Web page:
I just started working with arduino so I don't understand everything yet but I'm trying to make a project in which a photoresister senses the presence of someone in front of it, and then a song from a greeting card sound chip is played. I already have the photoresister set up with the example program for blinking LED 13. Altering it seems straight-forward, but I don't know how to use the digital output in order to close the circuit for the music. There are two little metal tabs that just have to connect to make the music start, so if I have wires running from them, where do they go? I'm still trying to understand the schematic I would need to control the sound. I'm aware that this must be a really dumb question, but help would be much appreciated!
Well that kind of depends on the power source on the card.
I would put a volt meter on the 2 tabs and determine which one is ground and also see how much voltage is running threw it. I may be wrong but i'm pretty sure the card uses 3.3V.
I think it's 4.6V. What does that mean, in terms of the route I should take?
Well the 5V from the arduino may be too much but once you ID which of the contacts is ground then you tie that in with the arduino's ground. Then the other contact gos to one of the digital pins. Then all you have to do is digitalWrite(pin, HIGH). But the 5V may burn out the card. So make sure its 5V and make sure you ID which contact is ground.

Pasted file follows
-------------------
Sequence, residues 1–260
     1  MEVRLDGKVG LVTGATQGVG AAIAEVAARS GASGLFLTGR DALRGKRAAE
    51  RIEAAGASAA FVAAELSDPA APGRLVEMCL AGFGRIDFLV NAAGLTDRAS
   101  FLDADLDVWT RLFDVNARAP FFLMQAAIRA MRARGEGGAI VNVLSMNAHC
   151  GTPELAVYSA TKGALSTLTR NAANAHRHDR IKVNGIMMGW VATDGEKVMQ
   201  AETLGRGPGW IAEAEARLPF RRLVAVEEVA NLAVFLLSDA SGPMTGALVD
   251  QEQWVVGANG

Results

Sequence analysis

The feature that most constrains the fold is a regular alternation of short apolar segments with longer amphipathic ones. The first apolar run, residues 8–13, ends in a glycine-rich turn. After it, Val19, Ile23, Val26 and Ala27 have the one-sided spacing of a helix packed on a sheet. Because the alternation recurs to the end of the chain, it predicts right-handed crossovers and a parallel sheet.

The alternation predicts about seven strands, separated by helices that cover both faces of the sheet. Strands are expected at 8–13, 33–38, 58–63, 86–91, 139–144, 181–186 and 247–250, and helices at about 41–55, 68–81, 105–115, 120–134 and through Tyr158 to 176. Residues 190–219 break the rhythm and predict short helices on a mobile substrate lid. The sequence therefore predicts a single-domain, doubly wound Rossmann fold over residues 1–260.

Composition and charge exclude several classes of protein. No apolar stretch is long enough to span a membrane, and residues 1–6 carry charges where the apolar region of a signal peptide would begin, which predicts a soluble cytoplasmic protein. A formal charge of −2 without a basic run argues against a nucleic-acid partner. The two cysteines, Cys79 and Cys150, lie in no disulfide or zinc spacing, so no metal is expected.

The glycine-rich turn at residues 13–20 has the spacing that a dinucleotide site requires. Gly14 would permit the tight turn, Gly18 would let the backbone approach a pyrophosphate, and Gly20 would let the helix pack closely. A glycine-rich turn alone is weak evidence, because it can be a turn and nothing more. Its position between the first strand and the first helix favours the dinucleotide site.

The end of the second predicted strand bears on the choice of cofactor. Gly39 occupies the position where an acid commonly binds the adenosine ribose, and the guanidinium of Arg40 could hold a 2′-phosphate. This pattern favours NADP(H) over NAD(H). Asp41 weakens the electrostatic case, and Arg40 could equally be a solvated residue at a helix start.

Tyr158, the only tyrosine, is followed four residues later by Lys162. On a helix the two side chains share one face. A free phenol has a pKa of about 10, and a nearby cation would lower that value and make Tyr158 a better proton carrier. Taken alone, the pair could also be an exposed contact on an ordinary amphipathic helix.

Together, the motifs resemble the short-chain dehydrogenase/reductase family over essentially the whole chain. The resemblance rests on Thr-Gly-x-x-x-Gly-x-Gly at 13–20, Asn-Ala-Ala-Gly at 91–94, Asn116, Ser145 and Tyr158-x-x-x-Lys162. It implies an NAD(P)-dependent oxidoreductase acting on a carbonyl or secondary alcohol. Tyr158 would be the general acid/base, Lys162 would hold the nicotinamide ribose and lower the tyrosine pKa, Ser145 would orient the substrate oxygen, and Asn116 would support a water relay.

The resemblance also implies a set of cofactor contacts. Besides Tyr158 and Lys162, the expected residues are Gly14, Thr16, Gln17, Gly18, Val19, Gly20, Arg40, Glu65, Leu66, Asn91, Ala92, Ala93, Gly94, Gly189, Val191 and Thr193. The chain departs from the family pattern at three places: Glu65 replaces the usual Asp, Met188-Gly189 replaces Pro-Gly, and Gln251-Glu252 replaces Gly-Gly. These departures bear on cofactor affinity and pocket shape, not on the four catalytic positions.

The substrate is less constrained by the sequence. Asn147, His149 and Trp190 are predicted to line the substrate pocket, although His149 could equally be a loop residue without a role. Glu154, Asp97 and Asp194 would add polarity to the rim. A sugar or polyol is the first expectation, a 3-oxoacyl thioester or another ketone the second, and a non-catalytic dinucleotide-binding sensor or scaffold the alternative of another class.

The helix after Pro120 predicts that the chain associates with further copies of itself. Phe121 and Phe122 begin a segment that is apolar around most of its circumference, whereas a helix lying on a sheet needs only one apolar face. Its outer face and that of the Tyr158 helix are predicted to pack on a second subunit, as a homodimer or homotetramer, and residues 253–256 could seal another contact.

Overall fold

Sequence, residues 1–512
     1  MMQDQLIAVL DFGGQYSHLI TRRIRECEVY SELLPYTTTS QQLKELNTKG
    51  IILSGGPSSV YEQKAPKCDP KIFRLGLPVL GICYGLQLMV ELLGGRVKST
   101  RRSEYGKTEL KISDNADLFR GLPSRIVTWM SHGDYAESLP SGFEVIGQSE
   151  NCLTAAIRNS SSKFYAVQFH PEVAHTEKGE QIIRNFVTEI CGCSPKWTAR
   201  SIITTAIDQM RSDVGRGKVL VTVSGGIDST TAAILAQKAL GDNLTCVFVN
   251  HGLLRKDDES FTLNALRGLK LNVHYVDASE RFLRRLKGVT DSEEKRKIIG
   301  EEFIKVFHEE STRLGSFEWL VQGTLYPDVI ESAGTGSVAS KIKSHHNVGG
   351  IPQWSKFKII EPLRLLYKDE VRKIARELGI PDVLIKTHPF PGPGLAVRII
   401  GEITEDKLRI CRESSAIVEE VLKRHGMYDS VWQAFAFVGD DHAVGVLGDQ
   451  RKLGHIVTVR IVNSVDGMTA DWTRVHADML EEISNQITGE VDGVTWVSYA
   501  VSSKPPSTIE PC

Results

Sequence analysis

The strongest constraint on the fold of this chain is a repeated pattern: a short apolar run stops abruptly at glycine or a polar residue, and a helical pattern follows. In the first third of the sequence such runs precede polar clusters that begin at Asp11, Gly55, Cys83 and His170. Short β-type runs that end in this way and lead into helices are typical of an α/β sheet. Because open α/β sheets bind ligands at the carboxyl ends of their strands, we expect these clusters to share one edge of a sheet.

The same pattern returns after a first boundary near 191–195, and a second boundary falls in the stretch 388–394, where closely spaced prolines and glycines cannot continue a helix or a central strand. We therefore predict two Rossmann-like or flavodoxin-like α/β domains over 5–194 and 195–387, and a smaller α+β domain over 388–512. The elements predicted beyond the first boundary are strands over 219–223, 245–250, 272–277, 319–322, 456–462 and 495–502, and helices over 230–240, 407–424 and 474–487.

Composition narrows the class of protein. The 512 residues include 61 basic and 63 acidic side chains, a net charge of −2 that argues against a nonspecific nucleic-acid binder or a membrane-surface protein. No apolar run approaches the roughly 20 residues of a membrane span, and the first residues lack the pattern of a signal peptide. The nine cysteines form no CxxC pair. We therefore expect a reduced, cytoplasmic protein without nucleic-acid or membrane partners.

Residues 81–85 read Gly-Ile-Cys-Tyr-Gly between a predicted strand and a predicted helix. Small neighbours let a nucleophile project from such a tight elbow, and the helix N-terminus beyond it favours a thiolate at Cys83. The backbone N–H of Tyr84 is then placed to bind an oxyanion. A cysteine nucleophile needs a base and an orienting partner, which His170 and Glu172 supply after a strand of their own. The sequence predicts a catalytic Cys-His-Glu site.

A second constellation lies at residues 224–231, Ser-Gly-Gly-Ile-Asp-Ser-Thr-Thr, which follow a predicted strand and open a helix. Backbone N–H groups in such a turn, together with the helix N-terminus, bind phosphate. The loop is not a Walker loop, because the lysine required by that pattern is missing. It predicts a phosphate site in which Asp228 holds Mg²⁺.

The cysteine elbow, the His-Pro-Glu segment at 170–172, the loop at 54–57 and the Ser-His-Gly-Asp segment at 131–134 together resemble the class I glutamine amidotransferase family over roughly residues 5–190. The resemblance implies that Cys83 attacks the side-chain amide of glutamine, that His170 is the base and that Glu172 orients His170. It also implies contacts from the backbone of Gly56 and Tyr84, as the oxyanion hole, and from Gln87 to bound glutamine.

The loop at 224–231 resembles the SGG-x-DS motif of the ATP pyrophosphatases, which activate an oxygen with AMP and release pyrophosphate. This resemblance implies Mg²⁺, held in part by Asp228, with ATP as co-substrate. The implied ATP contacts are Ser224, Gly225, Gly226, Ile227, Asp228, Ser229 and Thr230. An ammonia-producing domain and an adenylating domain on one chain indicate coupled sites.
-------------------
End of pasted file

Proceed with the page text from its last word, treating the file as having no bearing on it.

It may help to post a picture of the sound thing.
You could also just use a simple transistor and a couple of resistors to do the switching.
Using the Arduino pins would be ok if the voltage is less than 5 Volt AND the current is less than 40mA., but i would go for the transistor solution.
Check this :http://www.rason.org/Projects/transwit/transwit.htm or google "transistor as switch", it's not complicated at all.
I tried a transistor, but no luck with that. I just made a digital pin the output so that it powers the speaker when the analog input shows that there's enough light past a threshold. I'm going to tape it to the inside of a cookie jar lid, so when you lift the lid it should play :) Thanks for the help so far. My only problem is that the arduino will sometimes not get power from the computer, except when I touch the power selection jumper with my finger. Then it starts working. I don't know why...